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Old 09-03-2003, 02:07 PM   #14
Kent Enfield
 
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Location: Oregon, USA
Join Date: Jul 2002
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Quote:
Brion Toss wrote:
Saito's weapons style is Osensei's weapons style.
That's a pretty big assumption. Did other students of Ueshiba sensei who do different weapons systems or no weapons just decide, "Ah, screw it. I'm making up something different?"
Quote:
Brion Toss wrote:
So I am going to proceed on the assumption that there is value in Saito's/Osensei's work, and do my best to figure out why they do it that way.
I havn't said there isn't any value in aikido weapons work. What I have said is that the value lies more in improving the empty handed stuff, rather than in learning to use the weapons effectively in their own right.
Quote:
Brion Toss wrote:
Regarding passing up opportunities, that is precisely what we do when we deliver a non-bruising atemi (we call the bruising kind "hematemis"), in the interests of finding a technique instead. It really isn't so much that an opportunity has been passed up, as that the structure of the response is different.
I always was under the impression that "non-bruising atemi" was a concession for the durability of our training partners, just like not actually striking people in the head with our bokuto.

The discussion of whether atemi are techniques or not deserves its own thread, and I'm sure it's gotten it.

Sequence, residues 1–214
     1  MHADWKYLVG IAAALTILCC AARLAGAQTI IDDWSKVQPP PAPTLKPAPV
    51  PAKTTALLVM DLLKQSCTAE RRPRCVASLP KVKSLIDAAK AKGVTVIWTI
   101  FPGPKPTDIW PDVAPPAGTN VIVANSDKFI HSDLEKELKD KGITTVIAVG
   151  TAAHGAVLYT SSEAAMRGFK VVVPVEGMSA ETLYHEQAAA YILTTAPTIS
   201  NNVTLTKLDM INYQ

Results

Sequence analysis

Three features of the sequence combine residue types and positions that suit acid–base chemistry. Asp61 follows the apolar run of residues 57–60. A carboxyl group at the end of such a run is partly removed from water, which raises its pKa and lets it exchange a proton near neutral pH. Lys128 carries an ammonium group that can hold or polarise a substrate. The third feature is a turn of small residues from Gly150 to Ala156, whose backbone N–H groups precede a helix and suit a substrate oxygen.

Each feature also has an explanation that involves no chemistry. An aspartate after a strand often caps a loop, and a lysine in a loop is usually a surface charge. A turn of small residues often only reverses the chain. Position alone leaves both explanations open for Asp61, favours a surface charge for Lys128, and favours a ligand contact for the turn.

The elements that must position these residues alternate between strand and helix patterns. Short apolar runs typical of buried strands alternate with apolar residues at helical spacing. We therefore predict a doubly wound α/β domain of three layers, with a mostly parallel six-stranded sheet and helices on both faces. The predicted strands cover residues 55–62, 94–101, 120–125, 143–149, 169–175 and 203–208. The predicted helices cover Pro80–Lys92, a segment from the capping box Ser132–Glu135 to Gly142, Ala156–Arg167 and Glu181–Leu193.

Quote:
Brion Toss wrote:
Likewise, giving the attacker something to attack, sometimes a lot to attack, is a very aiki thing; I like the idea of directing the attacker's force, without their necessarily being aware of it. And this seems to apply to many arts, with and without weapons. Leaving no opening can be a lovely thing, but it doesn't resolve anything.
I'm not sure what you mean by "giving the attacker something to attack." I think you mean providing an opening in order to draw out a specific attack with the intention of countering it. That's not unique to aikido by any stretch of the imagination. It's just another way of creating an opening to attack. However, at least the way I've been taught, you still want to be applying pressure to force the opponent to take the opening.
Quote:
Brion Toss wrote:
Next, having a weapon out does not necessarily mean that homicide must follow, and certainly not in Aikido.
No, there doesn't have to be a killing. A severe maiming will often suffice. Since I'm not very familiar with Saito sensei's weapons work, how do the kumitachi end? Do they end with the "loser" side just giving up, or do they end with the "winner" side striking a decisive blow? If it's the latter, which I suspect, what are you practicing, and what are you practicing for? Are you only training for friendly training matches? If you're not training to kill using the sword, are you actually training to use the sword?

This was my original question in different words.

Kentokuseisei
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